February 25, 2021: IRES Faculty Seminar with Andrew Baron


IRES Seminar Series

Time: 12:30pm to 1:30pm (every Thursday)

Via Zoom

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Are we born racist? The roots of implicit bias in childhood

Implicit bias has many pernicious effects on behavior including affecting hiring and voting decisions, and even treatment recommendations by medical professionals. Moreover, research shows that this form of bias is notoriously difficult to change in adults, underscoring the need to identify its roots in development. In this talk, I will examine the foundations of implicit bias in early childhood. By drawing on studies with young children, including infants, I will address the human capacity for racism. Further, I will reveal potential strategies for reducing implicit forms of bias in childhood and suggest that to disrupt the fabric of racism that has been sewn across generations of human history, childhood and not adulthood, may represent the best frontier to combat implicit bias.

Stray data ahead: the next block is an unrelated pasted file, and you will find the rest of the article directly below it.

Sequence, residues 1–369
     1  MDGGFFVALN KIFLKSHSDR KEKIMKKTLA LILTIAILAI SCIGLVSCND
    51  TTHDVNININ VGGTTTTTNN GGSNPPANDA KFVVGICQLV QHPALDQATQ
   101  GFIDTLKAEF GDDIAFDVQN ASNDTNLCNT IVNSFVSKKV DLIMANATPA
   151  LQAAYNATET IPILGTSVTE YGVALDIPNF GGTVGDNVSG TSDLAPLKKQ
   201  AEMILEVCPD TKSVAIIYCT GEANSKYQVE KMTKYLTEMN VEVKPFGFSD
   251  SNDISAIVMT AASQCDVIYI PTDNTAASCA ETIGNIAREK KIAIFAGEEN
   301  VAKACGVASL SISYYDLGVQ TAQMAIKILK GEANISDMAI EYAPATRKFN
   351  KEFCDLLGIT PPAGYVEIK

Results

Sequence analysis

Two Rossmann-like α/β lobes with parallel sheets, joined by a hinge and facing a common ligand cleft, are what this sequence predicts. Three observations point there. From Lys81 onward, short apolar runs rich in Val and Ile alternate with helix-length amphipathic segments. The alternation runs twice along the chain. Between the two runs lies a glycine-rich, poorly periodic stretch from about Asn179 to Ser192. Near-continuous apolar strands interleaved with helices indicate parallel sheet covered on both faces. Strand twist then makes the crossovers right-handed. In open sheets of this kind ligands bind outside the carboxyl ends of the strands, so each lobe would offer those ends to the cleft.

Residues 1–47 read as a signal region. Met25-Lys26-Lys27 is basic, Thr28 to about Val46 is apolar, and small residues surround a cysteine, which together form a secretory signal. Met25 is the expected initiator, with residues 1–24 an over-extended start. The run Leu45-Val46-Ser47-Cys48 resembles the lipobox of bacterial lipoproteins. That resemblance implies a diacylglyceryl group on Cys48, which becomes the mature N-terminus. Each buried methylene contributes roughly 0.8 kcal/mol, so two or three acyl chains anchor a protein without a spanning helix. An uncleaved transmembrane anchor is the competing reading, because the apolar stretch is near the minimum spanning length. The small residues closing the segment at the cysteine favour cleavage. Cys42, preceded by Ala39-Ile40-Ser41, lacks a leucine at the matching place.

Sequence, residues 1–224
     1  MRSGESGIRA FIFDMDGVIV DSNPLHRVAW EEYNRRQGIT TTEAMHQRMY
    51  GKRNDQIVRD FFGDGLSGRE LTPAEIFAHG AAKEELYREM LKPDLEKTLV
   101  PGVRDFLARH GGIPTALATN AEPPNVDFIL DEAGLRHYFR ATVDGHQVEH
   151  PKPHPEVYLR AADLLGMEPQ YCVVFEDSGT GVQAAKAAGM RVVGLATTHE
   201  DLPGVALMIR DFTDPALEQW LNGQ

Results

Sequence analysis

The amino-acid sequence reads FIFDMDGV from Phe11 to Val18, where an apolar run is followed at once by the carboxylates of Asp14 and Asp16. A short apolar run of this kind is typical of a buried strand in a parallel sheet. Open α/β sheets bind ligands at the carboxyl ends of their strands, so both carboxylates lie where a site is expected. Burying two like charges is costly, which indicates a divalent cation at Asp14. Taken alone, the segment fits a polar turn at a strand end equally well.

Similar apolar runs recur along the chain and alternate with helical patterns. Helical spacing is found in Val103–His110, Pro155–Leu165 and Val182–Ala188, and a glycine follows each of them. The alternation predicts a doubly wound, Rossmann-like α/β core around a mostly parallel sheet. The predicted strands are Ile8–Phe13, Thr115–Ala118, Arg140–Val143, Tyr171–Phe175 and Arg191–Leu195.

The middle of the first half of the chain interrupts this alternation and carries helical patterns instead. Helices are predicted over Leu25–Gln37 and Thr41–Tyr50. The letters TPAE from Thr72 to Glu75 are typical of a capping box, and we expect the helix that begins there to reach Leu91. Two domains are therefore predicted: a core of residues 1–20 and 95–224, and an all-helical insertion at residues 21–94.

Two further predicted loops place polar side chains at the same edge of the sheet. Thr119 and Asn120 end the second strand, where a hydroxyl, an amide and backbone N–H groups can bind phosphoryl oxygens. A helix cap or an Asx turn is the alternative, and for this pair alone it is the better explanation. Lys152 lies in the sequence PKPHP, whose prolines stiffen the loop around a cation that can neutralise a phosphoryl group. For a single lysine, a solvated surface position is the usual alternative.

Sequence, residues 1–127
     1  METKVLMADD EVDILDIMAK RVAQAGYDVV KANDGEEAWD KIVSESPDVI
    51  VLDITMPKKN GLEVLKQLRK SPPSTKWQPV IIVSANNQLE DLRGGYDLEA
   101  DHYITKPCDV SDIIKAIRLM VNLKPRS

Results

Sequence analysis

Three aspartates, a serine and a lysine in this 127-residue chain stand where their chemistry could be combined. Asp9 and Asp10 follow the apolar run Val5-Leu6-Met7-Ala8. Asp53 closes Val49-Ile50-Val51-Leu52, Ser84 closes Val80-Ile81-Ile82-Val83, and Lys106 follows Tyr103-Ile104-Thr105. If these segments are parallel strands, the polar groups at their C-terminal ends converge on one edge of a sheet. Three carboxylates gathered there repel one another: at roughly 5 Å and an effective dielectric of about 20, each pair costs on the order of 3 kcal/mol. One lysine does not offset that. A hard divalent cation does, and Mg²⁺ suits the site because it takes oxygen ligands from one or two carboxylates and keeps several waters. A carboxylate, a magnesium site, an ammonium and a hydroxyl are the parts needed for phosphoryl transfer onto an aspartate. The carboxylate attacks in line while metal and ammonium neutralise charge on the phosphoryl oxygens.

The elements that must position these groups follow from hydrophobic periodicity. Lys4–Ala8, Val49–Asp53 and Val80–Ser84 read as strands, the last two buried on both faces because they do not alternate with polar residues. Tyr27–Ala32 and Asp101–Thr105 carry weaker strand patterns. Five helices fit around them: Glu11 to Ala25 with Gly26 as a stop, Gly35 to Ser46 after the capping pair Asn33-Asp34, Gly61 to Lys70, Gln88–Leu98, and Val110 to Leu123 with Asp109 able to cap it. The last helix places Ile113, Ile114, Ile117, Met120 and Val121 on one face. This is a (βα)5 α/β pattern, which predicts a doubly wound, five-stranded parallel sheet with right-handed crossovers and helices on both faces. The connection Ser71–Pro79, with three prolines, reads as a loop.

Andrew Baron

Associate Professor, Department of Psychology, University of British Columbia

Bio:

Dr. Baron is an Associate Professor of Psychology at UBC. His research examines the human capacity to be prejudiced. This work focuses on identifying the cognitive foundations of intergroup bias from infancy through adolescence with a particular emphasis on developing optimal strategies for reducing implicit bias.  He is also a member of the Engendering Success in STEM Consortium (http://successinstem.ca) where he spearheads a team dedicated to fostering greater engagement and interest in STEM (science, technology, engineering and math) among primary school-aged girls. Dr. Baron is also the founder and director of the Living Lab at Science World, a community-university research partnership in Vancouver. Dr. Baron received his MA and PhD in Psychology from Harvard University.